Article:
Author Mark Binelli grew up in a Detroit in decline during the 1970s. The city used to embody the American dream: the auto industry, consumer culture and Motown.
When Rolling Stone magazine asked him to write about the Detroit auto show in January 2009, Binelli tells weekends on All Things Considered host Jacki Lyden, he jumped on it.
But Binelli didn't stop there. He moved back to his hometown to chronicle the city. He put it all into a book called Detroit City Is the Place to Be: The Afterlife of an American Metropolis.
Covering Detroit as a native
"When I got there, I realized Detroit had become this poster city for the recession. I mean, reporters were coming [from all over the] country, all over the world, really, to look at the place, and I felt like, as someone who'd grown up there, I could really bring a little bit more nuance to the story, and not tell the same stories that are being told over and over — and that includes things like humor. I mean, Detroit is a very surreal, weird place, and I thought a lot of that was being missed by reporters who were just coming in for an afternoon or a day or two."
Visiting the 'zone'
"It's a huge swath of land — 190 acres — that had been a residential neighborhood once upon a time. It was raised by the city, and was supposed to become an industrial park. The idea was lots of factories would move in, and nothing happened. So, it's hard to really convey what it is like. You're basically five minutes from downtown of a major American city, but you are standing in these fields, that, I mean you could be in rural Arkansas, and you can still see traces of the old neighborhood. The sidewalks are so overgrown, they are almost invisible, but if you look carefully you can see the sidewalks ... You will notice a glimpse of red, and it turns out to be an old fire hydrant that is covered with grass that is 3 feet high. It's a surreal place."
Room for improvement
"One of the problems with Detroit is, you know, it was a city that at its peak, population was 2 million. Now with this last census, in 2010, it's down to just over 700,000, so you have all this vacant land, all of these abandoned buildings, what do you do with it? I mean, one of the more intriguing things that's been talked about, not much progress has been made so far, has been this sort of right-sizing initiative. That's the euphemistic term they have been using. Basically the idea is to convince people, incentivize people somehow, to move to denser urban cores, so then you would have the vacant land concentrated, and you could turn that into parks, possibility into farms.
"The urban farming has been really big in Detroit and has been getting a lot of press. You look at some of these renderings that people make of potential Detroit, in say, 2030, and it's astounding. The big problem, of course, is that there is no money."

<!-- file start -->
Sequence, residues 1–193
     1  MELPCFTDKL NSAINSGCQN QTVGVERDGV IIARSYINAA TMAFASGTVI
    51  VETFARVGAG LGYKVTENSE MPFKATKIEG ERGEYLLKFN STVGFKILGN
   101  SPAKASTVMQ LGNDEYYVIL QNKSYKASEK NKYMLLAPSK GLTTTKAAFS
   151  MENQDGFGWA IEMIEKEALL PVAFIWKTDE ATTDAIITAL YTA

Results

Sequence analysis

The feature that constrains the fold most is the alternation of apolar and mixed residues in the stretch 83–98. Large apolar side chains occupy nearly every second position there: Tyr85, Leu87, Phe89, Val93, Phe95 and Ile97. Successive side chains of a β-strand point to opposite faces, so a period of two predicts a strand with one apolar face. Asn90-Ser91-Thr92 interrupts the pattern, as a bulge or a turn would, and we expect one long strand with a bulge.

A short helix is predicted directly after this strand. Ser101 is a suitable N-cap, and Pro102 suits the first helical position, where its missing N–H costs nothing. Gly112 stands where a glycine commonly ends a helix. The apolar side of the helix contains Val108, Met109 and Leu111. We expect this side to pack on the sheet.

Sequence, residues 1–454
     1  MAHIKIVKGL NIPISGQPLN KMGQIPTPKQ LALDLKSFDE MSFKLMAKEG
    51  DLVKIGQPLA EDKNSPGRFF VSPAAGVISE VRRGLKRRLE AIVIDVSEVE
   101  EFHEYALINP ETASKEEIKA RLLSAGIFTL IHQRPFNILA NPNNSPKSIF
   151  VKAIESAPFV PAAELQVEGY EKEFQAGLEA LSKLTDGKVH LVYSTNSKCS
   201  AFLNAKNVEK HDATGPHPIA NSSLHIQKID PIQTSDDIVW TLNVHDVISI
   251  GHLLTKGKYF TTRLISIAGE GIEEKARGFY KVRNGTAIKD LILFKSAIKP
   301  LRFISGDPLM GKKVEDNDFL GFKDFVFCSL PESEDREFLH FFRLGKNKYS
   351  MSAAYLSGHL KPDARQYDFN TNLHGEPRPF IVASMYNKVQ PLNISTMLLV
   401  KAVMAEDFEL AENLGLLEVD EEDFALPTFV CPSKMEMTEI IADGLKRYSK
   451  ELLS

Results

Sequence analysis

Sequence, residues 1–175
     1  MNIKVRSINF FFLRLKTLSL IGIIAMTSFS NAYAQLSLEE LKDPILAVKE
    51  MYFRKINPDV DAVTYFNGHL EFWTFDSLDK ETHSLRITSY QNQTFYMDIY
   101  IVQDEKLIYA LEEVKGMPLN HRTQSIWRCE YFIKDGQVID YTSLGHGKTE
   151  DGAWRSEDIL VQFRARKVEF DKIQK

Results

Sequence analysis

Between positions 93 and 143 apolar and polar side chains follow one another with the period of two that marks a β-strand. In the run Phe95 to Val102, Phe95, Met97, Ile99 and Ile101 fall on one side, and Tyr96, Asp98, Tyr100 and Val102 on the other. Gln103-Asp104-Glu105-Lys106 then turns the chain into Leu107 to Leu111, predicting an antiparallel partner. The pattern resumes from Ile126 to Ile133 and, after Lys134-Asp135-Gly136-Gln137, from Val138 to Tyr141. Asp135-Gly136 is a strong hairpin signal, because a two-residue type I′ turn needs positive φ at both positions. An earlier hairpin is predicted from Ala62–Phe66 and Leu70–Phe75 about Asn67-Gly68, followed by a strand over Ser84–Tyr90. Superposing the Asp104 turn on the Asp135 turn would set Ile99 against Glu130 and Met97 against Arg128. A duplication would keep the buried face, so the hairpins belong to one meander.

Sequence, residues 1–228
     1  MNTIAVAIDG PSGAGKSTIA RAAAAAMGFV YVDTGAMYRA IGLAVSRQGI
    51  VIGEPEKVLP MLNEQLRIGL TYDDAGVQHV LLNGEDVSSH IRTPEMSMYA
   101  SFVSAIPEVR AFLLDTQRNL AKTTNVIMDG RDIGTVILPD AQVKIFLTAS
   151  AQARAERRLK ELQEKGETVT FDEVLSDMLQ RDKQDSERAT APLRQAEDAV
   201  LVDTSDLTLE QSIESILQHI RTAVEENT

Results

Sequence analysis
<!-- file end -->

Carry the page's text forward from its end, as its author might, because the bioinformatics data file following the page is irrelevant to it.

The unimaginable circumstances of Highland Park firefighters
"Highland Park, I call it in the book 'the Detroit of Detroit' — I mean, it's this little tiny community entirely surrounded by Detroit. Once upon a time the original Model T plant was housed there, so it was the center of the world. I mean everybody was coming to Highland Park to look at this wondrous assembly line. Ford left, Chrysler's world headquarters left for the suburbs, so now it is a very abandoned city, and the firefighters, their last remaining firehouse was condemned, so they moved into an old Chrysler warehouse while the new firehouse was ostensibly being built.
"That was five or six years ago. Some of them are literally sleeping in tents. They are working with so few walkie-talkies that they have come up with a system of hand signals when they are at a fire so they can communicate with each other. The trucks break down. It's astounding circumstances they work under. It's also somewhat inspirational because they still go to work every day, and they are still doing this job, and you have to look at them with awe and admiration."
'The city of tomorrow,' today
"You read some of these old guidebooks and Detroit was called 'The City of Tomorrow.' ... When business was booming, when the Model T plant was really at its peak, Detroit was the city, it was the city everyone was looking toward. It's one of the great stories of the 20th century, I mean, this wilderness city, basically, rising up out of nowhere, creating modern life in the 20th century as we know it in many ways: mass production, consumer culture, suburban sprawl, [and] in many ways, the American middle class. And then the fall from such great heights.
"It's classical tragedy in lots of ways. In this case, the character is the city. You see the seeds of the character's destruction. You see those tragic flaws early on, and it's completely undone, and now we are at the third act, and we will see what happens."
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